Strengthening and sharing my Lumbee heritage

  • Published
  • By Airman Tala Hunt
  • 673 Air Base Wing

In Pembroke, North Carolina, amongst the longleaf pines and swamps, where the dark water of the Lumber River flows, exists a small tribe called the Lumbee. Pembroke is a small town with deep roots of history and heritage. Everybody knows everybody, and if they don’t know you, they know who your people are.

I am one of those people, one of the Lumbee.

I have always been proud of who I am and who I came from. I was born in Pembroke and lived there until I was three; after my baby sister was born, my parents moved me and my siblings to North Augusta, South Carolina. I lived there until I enlisted in the military. I grew up in a household where we were always reminded of who we descended from. My mother and father were both educators, which allowed me and my siblings to receive the best education.

While in school, I tried to share about my tribe as much as I could, but people didn’t seem interested. Don’t get me wrong; I had a few teachers and friends who were intrigued and asked me about my people, but it wasn’t anything like a majority.

If only I could describe the feeling and excitement I feel when asked “Where are you from?” or “What’s your ethnicity?”

In South Carolina, it was very rare for people to know the area I came from or who the Lumbee people were, but no matter what I held onto my pride of who I am.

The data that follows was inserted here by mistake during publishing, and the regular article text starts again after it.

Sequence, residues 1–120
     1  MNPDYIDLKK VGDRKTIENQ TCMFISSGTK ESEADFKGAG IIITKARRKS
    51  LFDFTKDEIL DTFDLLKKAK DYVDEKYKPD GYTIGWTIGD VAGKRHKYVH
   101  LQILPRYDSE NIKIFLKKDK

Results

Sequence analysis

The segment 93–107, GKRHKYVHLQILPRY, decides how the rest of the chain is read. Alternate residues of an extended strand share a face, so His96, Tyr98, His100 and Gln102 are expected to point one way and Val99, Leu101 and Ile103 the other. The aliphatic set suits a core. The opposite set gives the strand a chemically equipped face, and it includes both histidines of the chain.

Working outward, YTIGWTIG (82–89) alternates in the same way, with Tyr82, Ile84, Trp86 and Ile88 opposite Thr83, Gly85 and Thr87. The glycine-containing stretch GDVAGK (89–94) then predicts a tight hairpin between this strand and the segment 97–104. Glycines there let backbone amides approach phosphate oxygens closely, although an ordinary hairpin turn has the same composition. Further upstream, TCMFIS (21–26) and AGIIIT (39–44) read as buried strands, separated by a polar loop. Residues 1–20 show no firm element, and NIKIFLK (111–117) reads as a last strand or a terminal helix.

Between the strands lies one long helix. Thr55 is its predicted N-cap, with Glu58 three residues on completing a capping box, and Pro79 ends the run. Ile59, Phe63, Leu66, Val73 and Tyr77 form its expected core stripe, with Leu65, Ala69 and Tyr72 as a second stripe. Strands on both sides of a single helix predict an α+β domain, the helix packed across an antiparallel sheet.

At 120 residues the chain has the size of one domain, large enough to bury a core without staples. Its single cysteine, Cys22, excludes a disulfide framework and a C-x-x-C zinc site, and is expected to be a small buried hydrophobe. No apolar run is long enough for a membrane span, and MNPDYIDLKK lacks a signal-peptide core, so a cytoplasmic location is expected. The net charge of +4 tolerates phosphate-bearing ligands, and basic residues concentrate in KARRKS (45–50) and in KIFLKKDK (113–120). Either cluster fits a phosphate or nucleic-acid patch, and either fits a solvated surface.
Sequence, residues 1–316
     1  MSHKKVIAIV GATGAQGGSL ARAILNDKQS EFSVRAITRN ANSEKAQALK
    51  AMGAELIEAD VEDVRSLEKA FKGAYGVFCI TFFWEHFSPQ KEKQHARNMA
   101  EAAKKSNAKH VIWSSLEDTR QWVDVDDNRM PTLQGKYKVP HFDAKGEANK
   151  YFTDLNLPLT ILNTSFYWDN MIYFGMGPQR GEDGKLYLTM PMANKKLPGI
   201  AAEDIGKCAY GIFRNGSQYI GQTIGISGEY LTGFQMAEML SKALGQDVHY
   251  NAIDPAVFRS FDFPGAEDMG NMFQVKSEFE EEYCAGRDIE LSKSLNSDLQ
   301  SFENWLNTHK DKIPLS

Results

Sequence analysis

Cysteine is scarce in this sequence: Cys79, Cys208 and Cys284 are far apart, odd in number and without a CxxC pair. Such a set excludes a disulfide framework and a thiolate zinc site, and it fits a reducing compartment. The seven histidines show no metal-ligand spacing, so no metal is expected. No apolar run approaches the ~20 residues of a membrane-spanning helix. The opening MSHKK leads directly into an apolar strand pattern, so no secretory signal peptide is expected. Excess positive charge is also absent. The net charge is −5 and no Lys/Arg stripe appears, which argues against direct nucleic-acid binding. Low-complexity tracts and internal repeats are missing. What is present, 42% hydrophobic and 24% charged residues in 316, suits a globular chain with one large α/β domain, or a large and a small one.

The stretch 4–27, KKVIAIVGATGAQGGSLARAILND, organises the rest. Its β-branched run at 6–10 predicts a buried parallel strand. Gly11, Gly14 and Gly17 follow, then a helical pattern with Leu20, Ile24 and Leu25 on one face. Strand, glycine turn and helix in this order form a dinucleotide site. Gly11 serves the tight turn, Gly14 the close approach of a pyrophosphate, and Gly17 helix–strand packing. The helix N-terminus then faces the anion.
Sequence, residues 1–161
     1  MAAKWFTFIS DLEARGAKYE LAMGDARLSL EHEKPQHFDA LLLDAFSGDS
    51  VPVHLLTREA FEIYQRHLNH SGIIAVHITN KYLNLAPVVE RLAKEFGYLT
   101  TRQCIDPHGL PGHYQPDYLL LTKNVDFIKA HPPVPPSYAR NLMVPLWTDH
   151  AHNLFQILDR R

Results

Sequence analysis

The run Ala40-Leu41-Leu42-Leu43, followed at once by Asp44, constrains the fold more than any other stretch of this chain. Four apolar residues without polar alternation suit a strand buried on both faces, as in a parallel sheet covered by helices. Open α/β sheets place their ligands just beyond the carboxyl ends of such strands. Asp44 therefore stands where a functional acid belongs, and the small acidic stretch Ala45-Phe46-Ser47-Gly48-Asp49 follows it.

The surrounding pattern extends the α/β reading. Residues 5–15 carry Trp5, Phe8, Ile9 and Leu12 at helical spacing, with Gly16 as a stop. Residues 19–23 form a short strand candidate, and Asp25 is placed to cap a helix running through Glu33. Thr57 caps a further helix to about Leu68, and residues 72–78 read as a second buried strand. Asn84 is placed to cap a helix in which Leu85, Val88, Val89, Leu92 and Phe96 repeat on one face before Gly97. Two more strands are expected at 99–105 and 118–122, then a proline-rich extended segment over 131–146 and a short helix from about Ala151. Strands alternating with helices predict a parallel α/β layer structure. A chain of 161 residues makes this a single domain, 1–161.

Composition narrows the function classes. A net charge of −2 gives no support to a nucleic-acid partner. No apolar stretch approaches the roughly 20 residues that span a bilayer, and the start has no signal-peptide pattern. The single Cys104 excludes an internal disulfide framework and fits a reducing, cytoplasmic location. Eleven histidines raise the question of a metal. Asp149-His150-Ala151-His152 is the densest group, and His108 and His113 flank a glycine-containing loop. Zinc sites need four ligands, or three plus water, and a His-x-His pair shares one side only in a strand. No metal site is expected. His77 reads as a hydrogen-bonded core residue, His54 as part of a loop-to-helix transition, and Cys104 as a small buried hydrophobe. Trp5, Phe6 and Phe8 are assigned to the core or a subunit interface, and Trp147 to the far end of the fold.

I joined the military a little over a year ago, and little did I know that this would be a stepping stone to sharing my heritage and exploring deeper into the history of my people.

In Basic Military Training at Lackland Air Force Base, Texas, I had trainees, military training instructors, squadron chiefs, and more who would listen to me speak and ask where I was from. I was in shock when they knew exactly where I was talking about. People would ask my ethnicity and when I answered that I am 100-percent Lumbee Native American, they knew exactly who my people were. This was something that I had never experienced, but something I could definitely get used to.

After being in BMT and moving on to the Defense Information School at Fort Meade, Maryland, where I became a Public Affairs specialist for the U.S. Air Force, I was given the opportunity to share with my detachment about my people. I was very thankful for the opportunity and the support I got from my leaders and my fellow Airmen. Being able to share about my tribe gave me the opportunity to strengthen my knowledge of my people.

One of my best memories from tech school was on May 5, popularly known as Cinco De Mayo, but also National Awareness Day for Missing and Murdered Indigenous Women and Peoples. My commander at the time, Capt. Brittany Curry, came out wearing red. Red is the color for the MMIW; it represents our stolen sisters. She made an announcement to our detachment saying she was wearing red for the MMIW and she suggested that they also do so in support. I was in tears. I had never had leadership or teachers announce something so important yet not really talked about.

As I continue my U.S. Air Force journey at Joint Base Elmendorf-Richardson, and as I celebrate Native American and Alaska Native Heritage month, I have been given several opportunities to share about me and my culture. I am thankful for the opportunities and thankful to have something to be proud of.


I never saw myself being a service member, but I thank God every day I am.